Skip to main content

Energy Conservation

Benefits of Energy Conservation

Cost Savings

By reducing the amount of energy we use, we can significantly cut back on district spending. This means that more of the money gets spent on things that we really care about: programs for schools, new equipment…you get the idea.

Imagine

  • More money for teachers and staff
  • More education and development programs
  • New equipment

Environment

Every time we switch on a light, or make a cup of coffee, we use energy. Every time we use energy, we release Carbon Dioxide (CO2) into the atmosphere. CO2 is one of the main gases that contribute to Global Warming, which is a big threat to the planet, not only because it puts us in the hot seat, but because it causes a greater incidence of floods, storms and drought! For more info, go to the EPA page http://www.epa.gov.

Education

By example, we can teach our future generation to preserve our natural resources. Energy is a very precious resource and right now, most of our sources of energy are from non-renewable fossil fuels. By using energy wisely, we can better provide for our children, as well as teach them to see the “bigger picture”. For more information on fossil fuels, go to this energy site, http://www.fe.doe.gov/education.

Energy Conservation Tips

Think you’re too small to make a difference? Think again! By keeping energy management in your minds at all times, the savings really add up! (District employees may visit the District intranet site to see what kind of savings you can achieve!)

Here is some good information, and some great ideas to get you started at your building!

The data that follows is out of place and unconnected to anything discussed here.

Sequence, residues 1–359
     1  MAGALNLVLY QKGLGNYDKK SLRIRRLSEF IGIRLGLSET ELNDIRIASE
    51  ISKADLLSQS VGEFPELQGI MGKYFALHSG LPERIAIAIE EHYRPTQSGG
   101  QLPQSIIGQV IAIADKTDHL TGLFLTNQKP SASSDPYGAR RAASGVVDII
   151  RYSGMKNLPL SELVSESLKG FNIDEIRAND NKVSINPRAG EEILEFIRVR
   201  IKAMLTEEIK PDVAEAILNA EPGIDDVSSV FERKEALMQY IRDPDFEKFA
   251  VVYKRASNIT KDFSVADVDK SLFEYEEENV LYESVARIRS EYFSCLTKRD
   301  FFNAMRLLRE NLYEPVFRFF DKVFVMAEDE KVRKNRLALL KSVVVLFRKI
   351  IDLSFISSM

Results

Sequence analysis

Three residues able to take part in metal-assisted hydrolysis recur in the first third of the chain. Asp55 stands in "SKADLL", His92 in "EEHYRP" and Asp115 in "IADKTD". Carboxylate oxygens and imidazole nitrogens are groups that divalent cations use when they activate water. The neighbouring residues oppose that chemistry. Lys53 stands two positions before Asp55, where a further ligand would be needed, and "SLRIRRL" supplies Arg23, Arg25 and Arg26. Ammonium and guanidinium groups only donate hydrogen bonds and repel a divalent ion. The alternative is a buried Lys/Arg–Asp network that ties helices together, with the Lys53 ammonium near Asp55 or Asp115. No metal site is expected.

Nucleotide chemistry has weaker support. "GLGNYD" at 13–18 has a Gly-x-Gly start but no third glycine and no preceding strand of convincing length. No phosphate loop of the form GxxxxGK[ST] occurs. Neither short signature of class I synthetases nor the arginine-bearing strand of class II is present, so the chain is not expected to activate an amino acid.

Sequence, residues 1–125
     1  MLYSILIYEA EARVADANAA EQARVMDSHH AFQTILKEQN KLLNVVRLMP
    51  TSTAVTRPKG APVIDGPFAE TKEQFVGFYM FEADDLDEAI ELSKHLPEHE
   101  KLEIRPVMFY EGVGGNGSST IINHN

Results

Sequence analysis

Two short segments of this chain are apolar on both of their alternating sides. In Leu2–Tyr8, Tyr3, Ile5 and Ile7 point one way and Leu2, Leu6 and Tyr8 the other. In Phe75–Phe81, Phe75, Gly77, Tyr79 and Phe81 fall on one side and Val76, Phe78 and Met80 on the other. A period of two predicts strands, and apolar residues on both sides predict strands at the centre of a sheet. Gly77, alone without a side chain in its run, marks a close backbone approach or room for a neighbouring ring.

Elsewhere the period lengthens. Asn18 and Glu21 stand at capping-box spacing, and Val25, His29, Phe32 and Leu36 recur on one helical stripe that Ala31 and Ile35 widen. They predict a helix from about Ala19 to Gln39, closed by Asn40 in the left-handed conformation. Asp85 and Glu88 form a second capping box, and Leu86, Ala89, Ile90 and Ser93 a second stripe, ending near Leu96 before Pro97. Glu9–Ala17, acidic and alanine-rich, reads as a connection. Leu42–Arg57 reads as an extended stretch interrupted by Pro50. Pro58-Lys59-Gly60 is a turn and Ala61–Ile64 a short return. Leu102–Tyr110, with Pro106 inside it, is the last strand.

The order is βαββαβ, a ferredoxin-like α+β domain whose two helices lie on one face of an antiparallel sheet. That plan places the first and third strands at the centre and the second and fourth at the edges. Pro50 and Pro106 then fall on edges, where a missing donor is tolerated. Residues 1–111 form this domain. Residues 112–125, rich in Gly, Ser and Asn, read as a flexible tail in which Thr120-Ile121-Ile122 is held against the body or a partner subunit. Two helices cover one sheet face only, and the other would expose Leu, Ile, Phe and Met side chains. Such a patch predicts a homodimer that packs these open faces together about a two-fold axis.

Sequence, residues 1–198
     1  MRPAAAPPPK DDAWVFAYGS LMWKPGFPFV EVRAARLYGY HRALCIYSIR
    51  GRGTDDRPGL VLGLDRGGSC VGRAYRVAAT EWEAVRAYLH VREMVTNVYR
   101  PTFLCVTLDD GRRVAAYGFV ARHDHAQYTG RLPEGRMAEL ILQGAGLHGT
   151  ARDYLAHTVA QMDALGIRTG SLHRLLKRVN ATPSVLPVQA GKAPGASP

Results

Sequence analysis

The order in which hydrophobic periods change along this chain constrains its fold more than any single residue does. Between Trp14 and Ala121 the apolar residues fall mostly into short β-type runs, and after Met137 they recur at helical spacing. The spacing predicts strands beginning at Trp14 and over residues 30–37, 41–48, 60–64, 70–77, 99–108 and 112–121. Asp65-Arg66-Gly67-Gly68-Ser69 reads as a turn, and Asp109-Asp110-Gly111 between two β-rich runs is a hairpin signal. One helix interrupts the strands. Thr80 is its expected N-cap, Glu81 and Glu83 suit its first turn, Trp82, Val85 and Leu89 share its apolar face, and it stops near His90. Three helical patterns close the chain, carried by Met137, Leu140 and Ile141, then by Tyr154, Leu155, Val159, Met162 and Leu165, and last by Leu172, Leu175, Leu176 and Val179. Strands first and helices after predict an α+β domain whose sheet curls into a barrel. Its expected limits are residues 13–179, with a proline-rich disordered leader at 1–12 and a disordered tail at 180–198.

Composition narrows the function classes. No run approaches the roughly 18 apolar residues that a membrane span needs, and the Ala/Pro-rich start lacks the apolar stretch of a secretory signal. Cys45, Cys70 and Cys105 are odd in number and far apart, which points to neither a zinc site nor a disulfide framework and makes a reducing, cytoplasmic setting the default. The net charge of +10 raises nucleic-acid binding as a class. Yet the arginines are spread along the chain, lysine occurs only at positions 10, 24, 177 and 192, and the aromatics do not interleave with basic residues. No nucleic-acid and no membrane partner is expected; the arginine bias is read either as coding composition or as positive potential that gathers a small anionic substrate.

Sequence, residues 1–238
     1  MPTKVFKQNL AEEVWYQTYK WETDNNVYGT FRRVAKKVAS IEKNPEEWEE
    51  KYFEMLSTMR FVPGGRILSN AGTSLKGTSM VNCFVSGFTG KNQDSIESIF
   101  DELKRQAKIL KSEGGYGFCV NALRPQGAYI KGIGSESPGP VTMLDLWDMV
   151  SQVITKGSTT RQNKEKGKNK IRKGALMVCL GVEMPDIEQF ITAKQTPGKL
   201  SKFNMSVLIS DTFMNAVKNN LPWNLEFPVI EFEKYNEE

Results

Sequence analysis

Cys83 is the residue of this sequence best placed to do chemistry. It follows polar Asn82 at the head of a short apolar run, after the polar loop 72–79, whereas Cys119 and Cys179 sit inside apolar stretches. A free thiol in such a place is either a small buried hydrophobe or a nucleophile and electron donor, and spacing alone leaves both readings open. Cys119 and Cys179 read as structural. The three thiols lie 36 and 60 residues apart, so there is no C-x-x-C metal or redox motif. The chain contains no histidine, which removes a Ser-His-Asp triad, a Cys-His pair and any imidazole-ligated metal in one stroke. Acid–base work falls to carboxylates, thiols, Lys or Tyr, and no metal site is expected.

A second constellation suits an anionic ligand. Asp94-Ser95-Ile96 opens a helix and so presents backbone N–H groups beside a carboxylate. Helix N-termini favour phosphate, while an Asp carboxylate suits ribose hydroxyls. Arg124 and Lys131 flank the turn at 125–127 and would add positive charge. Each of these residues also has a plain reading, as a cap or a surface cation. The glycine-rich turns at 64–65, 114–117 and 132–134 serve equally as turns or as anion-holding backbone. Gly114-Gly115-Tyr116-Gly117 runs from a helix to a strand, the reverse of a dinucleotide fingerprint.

Thermostats

There are many varieties of thermostats throughout the District, some that are programmable and some that are not. Most are digital/programmable type which allows us to program them to heat your room a little before you arrive, and automatically turn it off a half hour after school gets out. You can override this programming if you are working before or after these hours, and give you a comfortable work environment while you are there. There are some thermostats that cannot be converted to programmable types at this time; however we are still researching other alternatives. Until that time, we ask that you please manually set back (to 55 degrees) or turn off your thermostat.

Lights

Turn them off! You can increase the length of time between lamp replacements significantly by turning off your lights! Sounds simple enough, yet it is easy to forget. Remind yourself, and others to do this every time you think you will be away for more than 5 minutes.

Too much light can be just as uncomfortable and damaging as too little! The glare from too much light can cause headaches and fatigue. If you think you may have too much lighting in your office or classroom, give us a call. We may be able to reduce it to a more comfortable level, and help keep your room cooler (less heat from lamps)